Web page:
There is a worry that in the case of increasing the number of expected rate hikes in 2017 from two to three, there will be yet another outflow of capital from emerging market countries (including Poland), similar to what was observed after a new president was elected in the U.S. As a result, zloty has relatively limited appreciation power until Wednesday’s FOMC statement.

Monday’s preview

At 2.00 p.m. the Central Statistical Office will publish November’s CPI inflation data. It remained negative from July 2014. However, deflation has gradually been diminishing since March 2015 – in February that year it was -1.6% YoY and -0.2% in November this year. Last Wednesday CSO reported a flash estimate of the CPI inflation in November. The report said that prices didn’t change in November (in comparison to Nov 2015) and even increased 0.1% on a monthly basis.

Should the Monday data confirm this, it would mean the end of deflation in Poland for the first time in over two years. If this trend continues, this would be goods news for the country, whose economic growth could draw near the potential (growth). In theory, a more robust inflation growth could support the zloty. However, during the Wednesday’s press conference, Adam Glapiński (chief of Monetary Policy Council in Poland) admitted that the Council doesn’t expect to raise interest rates before 2018. Hence, the Polish currency could appreciate more if the inflation growth rate would be higher than in MPC projections.

After yesterday’s surprise decision of the European Central Bank regarding lowering the monthly asset purchase program from 80 to 60 bn euro beginning April 2017, the markets await yet another important (probably even more so) long anticipated event. The Federal Reserve of the U.S. will publish at 8.00 p.m. (Polish time, GMT+2) the current levels of interest rates. The market consensus expects the base rate to be raised by 25 bp. As this has been entirely predicted for some time now, greater attention will be focused on the optimal level of interest rates for the next year.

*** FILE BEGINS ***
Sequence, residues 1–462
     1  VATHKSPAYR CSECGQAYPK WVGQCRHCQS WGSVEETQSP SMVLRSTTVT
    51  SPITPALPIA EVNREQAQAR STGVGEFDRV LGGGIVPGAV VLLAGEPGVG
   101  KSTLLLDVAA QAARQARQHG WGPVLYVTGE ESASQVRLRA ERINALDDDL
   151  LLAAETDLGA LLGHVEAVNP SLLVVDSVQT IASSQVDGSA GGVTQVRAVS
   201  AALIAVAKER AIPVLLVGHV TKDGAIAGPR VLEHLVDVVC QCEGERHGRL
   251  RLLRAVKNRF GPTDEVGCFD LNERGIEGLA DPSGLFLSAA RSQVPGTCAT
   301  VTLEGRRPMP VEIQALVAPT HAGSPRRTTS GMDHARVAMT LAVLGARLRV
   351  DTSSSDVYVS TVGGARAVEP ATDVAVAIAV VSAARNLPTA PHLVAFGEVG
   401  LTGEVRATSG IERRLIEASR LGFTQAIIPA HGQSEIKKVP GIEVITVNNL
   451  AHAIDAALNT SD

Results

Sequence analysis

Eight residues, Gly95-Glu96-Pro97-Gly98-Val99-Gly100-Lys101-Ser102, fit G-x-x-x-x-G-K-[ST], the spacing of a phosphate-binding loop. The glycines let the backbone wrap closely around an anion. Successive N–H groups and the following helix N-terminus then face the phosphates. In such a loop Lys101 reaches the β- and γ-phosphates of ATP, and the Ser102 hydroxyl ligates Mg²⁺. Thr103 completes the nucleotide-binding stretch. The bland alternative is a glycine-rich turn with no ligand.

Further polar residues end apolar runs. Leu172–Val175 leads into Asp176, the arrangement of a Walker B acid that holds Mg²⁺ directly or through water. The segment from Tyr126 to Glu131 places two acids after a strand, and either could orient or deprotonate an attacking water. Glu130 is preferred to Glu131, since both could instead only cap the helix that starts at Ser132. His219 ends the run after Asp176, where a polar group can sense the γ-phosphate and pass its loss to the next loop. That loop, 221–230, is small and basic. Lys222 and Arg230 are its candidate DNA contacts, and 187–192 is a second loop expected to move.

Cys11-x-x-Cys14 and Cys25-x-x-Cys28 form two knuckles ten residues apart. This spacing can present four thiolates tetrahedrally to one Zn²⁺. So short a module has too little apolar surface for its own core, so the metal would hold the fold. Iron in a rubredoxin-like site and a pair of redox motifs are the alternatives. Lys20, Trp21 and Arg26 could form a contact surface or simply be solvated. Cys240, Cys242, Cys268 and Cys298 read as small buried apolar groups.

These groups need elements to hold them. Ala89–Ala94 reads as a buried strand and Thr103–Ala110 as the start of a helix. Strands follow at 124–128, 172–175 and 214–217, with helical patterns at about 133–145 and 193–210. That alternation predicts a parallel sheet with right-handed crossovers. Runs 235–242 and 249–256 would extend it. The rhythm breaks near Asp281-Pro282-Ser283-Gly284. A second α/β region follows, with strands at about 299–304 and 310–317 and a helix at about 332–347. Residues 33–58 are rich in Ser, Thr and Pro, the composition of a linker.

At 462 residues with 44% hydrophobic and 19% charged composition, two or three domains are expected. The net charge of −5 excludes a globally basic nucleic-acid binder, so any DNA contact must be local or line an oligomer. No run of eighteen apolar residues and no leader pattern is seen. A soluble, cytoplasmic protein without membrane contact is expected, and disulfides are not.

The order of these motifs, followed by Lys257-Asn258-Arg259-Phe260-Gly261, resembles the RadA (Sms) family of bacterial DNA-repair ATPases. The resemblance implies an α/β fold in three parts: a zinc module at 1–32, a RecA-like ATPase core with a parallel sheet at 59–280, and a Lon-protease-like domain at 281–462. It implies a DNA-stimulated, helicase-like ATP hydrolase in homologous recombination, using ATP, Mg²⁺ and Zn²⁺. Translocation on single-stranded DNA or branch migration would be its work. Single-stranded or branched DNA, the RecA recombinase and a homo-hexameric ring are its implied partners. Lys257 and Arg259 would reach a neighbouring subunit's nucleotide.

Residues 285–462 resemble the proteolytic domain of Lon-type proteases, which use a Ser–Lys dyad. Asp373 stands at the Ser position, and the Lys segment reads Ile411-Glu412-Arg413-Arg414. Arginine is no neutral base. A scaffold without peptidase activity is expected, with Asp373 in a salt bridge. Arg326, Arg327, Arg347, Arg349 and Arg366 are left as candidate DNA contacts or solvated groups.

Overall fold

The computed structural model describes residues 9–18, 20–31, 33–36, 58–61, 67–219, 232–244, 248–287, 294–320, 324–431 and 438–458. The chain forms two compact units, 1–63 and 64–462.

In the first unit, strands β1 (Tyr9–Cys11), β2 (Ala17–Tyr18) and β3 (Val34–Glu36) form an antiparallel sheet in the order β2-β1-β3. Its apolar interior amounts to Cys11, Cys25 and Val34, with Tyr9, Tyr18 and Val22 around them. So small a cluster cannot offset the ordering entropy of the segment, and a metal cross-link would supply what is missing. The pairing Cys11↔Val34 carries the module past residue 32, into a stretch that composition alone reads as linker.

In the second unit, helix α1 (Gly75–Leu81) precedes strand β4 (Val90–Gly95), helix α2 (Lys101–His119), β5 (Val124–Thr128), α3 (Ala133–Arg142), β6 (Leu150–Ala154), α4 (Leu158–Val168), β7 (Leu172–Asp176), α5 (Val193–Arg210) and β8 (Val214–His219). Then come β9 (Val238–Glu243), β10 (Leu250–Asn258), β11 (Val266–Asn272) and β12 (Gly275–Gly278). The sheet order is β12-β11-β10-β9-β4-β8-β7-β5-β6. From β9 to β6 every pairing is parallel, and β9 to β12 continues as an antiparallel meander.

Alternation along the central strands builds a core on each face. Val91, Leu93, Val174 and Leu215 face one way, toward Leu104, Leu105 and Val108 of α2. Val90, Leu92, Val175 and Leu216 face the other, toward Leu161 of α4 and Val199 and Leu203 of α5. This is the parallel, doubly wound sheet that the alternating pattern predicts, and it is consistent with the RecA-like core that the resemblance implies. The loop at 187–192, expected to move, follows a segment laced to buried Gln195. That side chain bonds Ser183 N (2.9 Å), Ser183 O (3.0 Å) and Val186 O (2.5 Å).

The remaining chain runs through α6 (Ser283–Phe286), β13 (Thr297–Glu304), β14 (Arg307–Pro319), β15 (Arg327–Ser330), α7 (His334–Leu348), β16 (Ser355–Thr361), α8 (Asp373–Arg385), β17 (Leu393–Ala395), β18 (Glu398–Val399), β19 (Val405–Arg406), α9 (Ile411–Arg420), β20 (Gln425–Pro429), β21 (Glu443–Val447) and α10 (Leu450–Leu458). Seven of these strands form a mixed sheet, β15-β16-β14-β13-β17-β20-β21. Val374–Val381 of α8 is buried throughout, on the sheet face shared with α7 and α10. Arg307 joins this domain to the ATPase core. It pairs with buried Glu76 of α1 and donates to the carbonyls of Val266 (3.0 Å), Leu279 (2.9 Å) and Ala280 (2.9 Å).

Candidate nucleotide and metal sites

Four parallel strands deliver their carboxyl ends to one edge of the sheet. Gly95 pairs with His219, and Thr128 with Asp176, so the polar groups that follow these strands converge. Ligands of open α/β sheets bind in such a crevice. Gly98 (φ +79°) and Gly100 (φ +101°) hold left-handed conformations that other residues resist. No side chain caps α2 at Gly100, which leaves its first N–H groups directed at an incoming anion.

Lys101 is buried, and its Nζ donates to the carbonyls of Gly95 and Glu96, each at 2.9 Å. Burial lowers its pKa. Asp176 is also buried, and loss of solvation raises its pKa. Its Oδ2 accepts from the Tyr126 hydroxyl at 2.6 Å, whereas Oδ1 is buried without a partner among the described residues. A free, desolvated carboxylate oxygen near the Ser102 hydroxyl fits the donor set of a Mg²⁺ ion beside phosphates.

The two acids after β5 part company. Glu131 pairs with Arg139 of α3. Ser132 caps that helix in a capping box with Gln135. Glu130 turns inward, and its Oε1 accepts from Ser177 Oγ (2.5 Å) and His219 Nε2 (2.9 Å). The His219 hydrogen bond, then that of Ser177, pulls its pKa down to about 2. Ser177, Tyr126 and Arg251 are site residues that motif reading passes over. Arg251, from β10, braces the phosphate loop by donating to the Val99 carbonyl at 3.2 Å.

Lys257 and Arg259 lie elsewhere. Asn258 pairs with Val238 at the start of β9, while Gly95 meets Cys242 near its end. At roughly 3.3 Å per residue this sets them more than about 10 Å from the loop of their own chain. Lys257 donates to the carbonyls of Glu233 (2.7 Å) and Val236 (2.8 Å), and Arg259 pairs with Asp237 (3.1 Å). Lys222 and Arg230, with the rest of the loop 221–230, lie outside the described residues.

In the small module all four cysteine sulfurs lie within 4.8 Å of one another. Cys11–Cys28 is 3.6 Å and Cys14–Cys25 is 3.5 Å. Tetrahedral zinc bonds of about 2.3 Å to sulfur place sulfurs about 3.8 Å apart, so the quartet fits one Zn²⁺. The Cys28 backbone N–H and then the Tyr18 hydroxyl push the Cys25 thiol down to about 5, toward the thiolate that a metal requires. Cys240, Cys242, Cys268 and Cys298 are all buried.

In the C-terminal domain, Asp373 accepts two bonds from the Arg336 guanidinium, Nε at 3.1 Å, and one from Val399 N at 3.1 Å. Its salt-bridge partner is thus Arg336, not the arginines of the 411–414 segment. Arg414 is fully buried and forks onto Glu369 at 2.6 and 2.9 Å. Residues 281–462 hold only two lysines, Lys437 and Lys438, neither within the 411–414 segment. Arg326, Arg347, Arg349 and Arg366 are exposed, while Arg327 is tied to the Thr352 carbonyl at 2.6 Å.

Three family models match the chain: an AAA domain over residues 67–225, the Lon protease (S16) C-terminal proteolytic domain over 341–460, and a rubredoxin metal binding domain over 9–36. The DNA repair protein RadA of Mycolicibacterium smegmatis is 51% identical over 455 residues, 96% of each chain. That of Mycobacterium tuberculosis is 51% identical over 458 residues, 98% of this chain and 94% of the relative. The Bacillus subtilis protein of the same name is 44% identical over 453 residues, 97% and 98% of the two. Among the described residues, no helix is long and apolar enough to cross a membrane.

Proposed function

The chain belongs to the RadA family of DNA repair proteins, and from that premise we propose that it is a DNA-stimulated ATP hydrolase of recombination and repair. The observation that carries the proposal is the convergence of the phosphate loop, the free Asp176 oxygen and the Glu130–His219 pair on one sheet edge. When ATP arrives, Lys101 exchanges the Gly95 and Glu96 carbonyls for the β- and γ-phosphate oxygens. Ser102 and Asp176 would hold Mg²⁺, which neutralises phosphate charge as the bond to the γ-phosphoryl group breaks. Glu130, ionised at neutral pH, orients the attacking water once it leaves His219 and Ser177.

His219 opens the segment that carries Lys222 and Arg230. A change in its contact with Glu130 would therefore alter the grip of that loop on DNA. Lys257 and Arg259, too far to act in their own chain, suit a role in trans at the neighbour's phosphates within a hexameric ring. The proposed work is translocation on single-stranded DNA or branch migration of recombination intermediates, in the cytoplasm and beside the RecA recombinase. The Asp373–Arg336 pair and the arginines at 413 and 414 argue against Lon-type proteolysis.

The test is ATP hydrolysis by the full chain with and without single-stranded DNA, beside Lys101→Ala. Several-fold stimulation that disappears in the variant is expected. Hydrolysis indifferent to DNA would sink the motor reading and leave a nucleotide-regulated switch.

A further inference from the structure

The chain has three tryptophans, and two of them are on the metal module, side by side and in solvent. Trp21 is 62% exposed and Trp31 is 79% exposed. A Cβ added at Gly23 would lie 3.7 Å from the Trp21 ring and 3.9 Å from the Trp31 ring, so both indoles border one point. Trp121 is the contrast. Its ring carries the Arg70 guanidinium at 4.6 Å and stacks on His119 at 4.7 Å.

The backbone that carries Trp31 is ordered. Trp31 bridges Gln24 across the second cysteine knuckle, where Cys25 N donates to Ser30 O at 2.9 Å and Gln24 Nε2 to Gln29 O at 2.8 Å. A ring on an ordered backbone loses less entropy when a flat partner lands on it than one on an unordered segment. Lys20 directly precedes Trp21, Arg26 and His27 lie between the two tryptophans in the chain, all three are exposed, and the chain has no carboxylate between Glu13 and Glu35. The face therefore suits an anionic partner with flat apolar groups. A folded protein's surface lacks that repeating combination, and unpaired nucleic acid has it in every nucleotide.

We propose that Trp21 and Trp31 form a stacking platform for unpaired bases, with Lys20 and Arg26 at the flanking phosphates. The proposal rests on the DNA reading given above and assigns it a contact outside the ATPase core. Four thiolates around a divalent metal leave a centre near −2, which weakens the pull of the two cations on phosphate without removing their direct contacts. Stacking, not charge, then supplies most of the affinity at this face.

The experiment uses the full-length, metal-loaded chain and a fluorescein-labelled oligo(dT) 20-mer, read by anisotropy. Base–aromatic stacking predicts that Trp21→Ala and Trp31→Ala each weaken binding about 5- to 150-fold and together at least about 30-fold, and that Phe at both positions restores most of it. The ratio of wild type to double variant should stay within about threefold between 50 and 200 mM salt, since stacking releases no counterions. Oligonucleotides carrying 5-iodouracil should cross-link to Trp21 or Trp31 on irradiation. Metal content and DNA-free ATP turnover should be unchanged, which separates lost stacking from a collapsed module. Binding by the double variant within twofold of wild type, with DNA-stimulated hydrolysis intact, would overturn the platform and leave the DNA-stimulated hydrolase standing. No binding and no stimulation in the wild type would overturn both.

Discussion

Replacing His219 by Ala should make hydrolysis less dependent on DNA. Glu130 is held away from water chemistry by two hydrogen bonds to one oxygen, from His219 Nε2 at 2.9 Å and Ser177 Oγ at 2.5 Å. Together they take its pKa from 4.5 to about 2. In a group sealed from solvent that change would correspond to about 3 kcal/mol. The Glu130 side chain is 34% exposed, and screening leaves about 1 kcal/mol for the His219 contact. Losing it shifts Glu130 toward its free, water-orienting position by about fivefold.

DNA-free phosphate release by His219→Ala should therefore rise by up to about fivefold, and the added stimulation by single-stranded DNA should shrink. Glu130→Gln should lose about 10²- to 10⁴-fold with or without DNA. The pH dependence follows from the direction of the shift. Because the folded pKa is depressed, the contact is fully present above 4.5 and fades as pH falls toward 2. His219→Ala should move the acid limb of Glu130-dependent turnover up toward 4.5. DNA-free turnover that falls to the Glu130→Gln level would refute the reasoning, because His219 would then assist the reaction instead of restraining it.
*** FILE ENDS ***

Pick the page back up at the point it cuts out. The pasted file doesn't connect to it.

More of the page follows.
Currently, the median in Fed’s projections indicates two rate hikes by 50 bp in 2017. However, after electing a new president and his announcement regarding an increase in infrastructure spending, lowering the taxes and simplification of the financial regulations, inflations expectations significantly increased (which translated into higher yields on U.S. government bonds and a stronger dollar). Higher commodity prices (especially oil) contribute to higher expectations as well.

That could be good enough reasons for the median of 2017 rate hikes to increase to three. Particularly because in September 8 out of 17 Committee members opted for three (or more) rate hikes in the next year and that was even before the U.S. elections and higher inflation expectations. Consequently, there’s a high probability that the median of expected raises of the interest rate in 2017 will go up, which should in turn further strengthen the dollar.